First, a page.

Business as usualWhat's more alarming, is what degree of grossly abnormal mileage is accepted as "normal", even by tools such as Scandisk that purport to assess such things properly. The best tool to pick this up is DOS Mode Scandisk surface scan, because it runs without any background processes that could cause innocent delays (processor overheating is the only false-positive delay factor) and it maintains a fine-grained cluster count as progress indicator.
When that counter pauses every now and then, or even stops for a second or so at a time, you should consider that hard drive as at-risk and evacuate it before doing anything else (and yes, that includes waiting for Scandisk to finish or stop on an explicit error). This mileage correlates to "every now and then my PC stops responding completely for seconds, with mouse pointer stuck, keystrokes ignored, and HD LED on" in Windows.
The significance is that Scandisk will carry on through these latencies, and even seconds of noisy retries, without reporting any errors at all. When an event that should take a fraction of a second is accepted as normal when it takes seconds to complete, you have to wonder how "awake" S.M.A.R.T. and other such "data sentries" are.
Note these Scandisk limitations:
- Only for FATxx volumes
- I'd consider it unsafe beyond 137G
- Won't check surface until file system logic is "fixed"
Still, at least it prompts interactively on each error, before "fixing" it, unlike ChkDsk.
Understanding S.M.A.R.T. detailMy hunch is that SMART is something the hard drive industry reluctantly provided as a window into the closed world of internal defect management, as practiced by firmware within the hard drive itself. This may have been in response to OEM or other industry complaints.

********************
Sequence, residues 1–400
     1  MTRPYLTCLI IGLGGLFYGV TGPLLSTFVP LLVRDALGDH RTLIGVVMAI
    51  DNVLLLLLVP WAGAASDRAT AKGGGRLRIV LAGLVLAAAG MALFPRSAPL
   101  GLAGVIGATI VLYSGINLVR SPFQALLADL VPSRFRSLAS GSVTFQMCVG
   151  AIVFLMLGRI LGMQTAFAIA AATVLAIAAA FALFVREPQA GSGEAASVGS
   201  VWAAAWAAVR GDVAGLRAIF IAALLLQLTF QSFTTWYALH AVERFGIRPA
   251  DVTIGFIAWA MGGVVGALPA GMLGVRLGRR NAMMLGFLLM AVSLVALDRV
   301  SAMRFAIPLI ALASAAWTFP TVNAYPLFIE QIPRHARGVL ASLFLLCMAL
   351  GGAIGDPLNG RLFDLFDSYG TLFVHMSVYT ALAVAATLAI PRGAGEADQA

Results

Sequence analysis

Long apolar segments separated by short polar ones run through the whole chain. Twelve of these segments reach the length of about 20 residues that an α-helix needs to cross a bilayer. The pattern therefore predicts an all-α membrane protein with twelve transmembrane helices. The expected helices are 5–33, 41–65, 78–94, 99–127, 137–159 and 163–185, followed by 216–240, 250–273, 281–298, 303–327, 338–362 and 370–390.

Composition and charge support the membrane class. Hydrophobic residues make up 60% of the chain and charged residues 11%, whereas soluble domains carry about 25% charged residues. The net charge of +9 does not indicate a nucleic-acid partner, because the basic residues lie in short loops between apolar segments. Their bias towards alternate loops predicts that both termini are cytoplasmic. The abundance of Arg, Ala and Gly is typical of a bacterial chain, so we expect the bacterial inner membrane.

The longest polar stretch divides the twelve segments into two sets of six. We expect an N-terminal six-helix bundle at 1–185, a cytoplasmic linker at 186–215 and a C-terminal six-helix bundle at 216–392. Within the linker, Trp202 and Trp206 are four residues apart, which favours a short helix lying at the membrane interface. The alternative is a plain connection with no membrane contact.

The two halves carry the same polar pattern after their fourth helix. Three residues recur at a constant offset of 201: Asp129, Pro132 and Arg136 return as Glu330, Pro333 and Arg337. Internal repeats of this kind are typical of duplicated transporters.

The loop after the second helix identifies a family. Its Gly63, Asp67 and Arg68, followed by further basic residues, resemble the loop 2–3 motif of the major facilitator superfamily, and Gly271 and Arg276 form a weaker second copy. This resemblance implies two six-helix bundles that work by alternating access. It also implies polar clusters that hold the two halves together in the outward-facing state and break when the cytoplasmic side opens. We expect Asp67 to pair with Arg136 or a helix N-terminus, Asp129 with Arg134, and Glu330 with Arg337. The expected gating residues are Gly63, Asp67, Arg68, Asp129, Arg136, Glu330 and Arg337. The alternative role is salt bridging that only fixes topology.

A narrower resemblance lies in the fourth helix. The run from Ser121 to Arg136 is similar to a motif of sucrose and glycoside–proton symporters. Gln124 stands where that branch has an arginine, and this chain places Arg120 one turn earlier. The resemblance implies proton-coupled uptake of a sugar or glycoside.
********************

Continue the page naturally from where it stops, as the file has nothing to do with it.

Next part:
Certainly, there's no effort to make S.M.A.R.T. information available to the end user in understandable form. I was pretty much in the dark myself, until I read the Help in one particular free S.M.A.R.T. reporting utility, which I'll link to shortly. It seems that the raw counts are subtracted from an initial "100%" or "255" value until the acceptable threshold is reached, at which point those "easy" tools will finally stop reporting "OK" and suggest you call your hard drive vendor. That threshold could be the 100th bad sector that had to be "fixed".
A simple S.M.A.R.T. reporter with Help that actually helps with the detail is here:
An excellent utility that shows S.M.A.R.T. detail, temperature, surface test and benchmarks is here:
Both of these get full marks in the Bart test, i.e. they operate as plugins from Bart PE CDR without the need to be run from writable disk, have registry stuff carried over, etc. Not only will these show you full detail, unlike many hard drive vendors' free downloads, but they will run regardless of what brand hard drive you happen to be testing.
Where do bad drives go?Warranty replacement drives were once new, i.e. drawn from new stock; then they were "re-manufactured", or "refurbished", and the current language is "re-certified". I suspect that means blanking out the S.M.A.R.T. counters to fresh values, perhaps doing some testing and re-checking those values, then shipping as "OK". Certainly, I don't see hard drive repair gnomes in a clean room reassembling new platters and heads into old drives as a cost-effective way of "re-manufacturing" mass-produced hard drives.
If what I suspect is the case, then your warranty replacement hard drive could very well be the same drive I returned as defective. Perhaps I'll get your original drive as "re-certified"?